On Sunday, September th, EWB was featured on Channel ‘s p.m. news broadcast. The story focused on EWB’s work around Cambodia’s Tonle Sap, a region three hours north of Phnom Penh where rapid deforestation combined with open defecation and the use of chemical fertilizers cause tremendous stress upon this ecosystem and the millions of Cambodians that call it home.
Since , EWB has worked in partnership with Live & Learn Environmental Education on its biodigesters program to address energy and sanitation issues within the flood prone-region. The biodigesters program involves leveraging anaerobic digestion to turn human and animal waste into biogas for cooking and lighting, and fertilizer with which to grow crops. The technology has been tailored specifically to address the needs of small-scale farmers. % of rural Cambodians are forced to make their living off the land.
Following the broadcast, biodigesters managing director Ben Jeffreys was featured in a guest post on Google Australia’s blog. The post centered around the stories of two long-term biodigester users: Long Sokhon, a small-scale farmer from Cambodia’s Pursat Province and Sin Saroun, a mother in Kampong Chnnang. Both women discussed how their lives have been improved since adopting the technology. Long Sokhon saw her health increase due to the clean burning biogas. Sin Saroun saved time and money previously allocated to fertilizer, which she now dedicates to her children.Between and EWB and Live & Learn installed biodigesters around the region. In the project was awarded a Google Impact Challenge grant of $, AUD in order to scale the project into a locally run social enterprise.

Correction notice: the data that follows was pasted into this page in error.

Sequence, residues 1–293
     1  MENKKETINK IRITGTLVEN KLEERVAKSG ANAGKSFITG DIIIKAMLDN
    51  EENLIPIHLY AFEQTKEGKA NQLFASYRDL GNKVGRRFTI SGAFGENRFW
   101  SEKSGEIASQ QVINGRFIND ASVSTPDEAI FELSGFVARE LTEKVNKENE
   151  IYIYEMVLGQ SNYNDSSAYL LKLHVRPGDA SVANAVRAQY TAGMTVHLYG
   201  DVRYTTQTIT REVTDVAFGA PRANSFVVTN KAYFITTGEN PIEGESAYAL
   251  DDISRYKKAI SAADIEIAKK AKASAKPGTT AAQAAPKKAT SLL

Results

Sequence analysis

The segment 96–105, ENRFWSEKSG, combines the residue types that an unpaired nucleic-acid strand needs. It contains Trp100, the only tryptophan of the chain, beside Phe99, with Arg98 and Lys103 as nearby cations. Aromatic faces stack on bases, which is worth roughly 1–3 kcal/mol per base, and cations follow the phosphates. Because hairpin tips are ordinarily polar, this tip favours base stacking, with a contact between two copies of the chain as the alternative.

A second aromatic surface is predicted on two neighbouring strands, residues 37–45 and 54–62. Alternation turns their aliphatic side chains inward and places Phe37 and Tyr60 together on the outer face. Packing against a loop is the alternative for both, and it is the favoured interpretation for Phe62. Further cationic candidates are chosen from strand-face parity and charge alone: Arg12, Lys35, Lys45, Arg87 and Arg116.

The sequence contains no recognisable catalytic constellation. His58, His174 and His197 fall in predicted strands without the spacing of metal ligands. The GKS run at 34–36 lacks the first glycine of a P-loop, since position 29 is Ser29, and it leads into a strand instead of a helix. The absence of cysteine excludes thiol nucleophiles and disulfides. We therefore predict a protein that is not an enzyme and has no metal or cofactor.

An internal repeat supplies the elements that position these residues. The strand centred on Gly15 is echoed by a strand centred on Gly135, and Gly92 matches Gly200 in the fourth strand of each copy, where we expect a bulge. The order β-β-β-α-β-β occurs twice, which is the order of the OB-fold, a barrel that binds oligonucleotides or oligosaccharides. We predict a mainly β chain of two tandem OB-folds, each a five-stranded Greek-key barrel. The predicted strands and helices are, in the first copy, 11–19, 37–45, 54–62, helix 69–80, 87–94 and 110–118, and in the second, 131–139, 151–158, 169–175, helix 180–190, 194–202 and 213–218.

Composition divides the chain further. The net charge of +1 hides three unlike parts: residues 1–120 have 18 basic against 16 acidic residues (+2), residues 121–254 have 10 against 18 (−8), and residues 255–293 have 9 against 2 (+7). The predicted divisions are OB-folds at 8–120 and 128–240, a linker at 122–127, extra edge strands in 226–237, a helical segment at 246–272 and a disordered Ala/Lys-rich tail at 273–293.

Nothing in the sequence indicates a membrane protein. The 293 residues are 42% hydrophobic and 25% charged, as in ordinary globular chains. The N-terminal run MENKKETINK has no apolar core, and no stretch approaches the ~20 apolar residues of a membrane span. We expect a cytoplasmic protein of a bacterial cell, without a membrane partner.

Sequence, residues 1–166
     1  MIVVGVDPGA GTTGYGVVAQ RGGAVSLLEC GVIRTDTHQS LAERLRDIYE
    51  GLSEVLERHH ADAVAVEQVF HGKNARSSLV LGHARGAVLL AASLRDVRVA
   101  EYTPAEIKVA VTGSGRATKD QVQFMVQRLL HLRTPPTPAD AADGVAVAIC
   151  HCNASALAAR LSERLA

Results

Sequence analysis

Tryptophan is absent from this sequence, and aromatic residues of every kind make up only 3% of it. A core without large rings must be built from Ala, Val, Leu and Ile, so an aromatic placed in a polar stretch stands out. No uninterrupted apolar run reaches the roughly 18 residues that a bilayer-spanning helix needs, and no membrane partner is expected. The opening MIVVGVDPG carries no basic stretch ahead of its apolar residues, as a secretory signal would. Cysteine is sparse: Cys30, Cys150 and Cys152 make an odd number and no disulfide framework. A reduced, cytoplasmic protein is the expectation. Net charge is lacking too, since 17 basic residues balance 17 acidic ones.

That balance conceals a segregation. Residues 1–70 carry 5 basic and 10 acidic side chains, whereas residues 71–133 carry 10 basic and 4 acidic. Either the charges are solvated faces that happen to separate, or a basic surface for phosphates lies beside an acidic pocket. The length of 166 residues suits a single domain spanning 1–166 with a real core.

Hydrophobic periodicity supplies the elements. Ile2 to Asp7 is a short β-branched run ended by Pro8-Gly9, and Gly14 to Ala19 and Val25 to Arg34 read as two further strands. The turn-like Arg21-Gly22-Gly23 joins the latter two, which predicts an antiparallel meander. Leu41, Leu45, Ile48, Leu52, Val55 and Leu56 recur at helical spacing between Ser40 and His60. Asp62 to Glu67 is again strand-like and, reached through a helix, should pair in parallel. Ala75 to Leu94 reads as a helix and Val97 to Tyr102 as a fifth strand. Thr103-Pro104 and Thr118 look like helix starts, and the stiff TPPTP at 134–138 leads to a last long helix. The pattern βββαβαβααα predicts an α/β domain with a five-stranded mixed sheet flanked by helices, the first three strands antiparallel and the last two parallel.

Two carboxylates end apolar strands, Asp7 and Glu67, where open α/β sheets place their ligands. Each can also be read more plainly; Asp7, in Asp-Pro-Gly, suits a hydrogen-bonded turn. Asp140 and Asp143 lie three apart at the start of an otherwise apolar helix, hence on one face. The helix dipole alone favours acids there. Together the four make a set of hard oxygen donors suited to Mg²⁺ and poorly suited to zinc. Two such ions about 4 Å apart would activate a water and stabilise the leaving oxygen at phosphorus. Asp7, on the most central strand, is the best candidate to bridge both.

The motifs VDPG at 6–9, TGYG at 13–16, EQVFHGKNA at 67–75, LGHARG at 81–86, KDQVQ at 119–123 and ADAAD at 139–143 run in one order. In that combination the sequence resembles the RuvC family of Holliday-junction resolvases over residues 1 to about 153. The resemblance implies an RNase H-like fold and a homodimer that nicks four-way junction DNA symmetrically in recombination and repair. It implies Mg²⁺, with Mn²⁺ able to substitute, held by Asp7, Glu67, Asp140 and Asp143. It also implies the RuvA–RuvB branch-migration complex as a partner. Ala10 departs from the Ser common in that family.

In his post, Jeffreys discussed some of the next steps in scaling the program into a sustainable business.
“At the moment, a major focus of the program is optimising the product’s value proposition. Maximising user uptake is a crucial component of addressing downstream sanitation affects. This is particularly important should the product go to market with a user-pay, rather than subsidies-based model. The current biodigester prototypes cost $ USD per unit. Although this eventually pays itself off by reducing the user’s day-to-day cost, the upfront investment still stands at / of the annual rural Cambodia salary. We believe that an approximate two-year payback period, similar to current solar technology in Cambodia and Australia, seems reasonable.”
The goal is now to build a business that provides sanitation, energy and livelihood options to . million Cambodians by .